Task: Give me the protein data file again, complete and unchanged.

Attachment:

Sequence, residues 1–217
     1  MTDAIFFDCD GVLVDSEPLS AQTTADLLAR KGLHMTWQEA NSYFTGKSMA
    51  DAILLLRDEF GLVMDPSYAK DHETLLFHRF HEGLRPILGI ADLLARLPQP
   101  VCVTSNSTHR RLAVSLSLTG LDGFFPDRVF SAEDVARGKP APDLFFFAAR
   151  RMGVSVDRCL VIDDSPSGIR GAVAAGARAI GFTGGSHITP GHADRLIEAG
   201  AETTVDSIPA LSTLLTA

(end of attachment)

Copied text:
Sequence, residues 1–217
     1  MTDAIFFDCD GVLVDSEPLS AQTTADLLAR KGLHMTWQEA NSYFTGKSMA
    51  DAILLLRDEF GLVMDPSYAK DHETLLFHRF HEGLRPILGI ADLLARLPQP
   101  VCVTSNSTHR RLAVSLSLTG LDGFFPDRVF SAEDVARGKP APDLFFFAAR
   151  RMGVSVDRCL VIDDSPSGIR GAVAAGARAI GFTGGSHITP GHADRLIEAG
   201  AETTVDSIPA LSTLLTA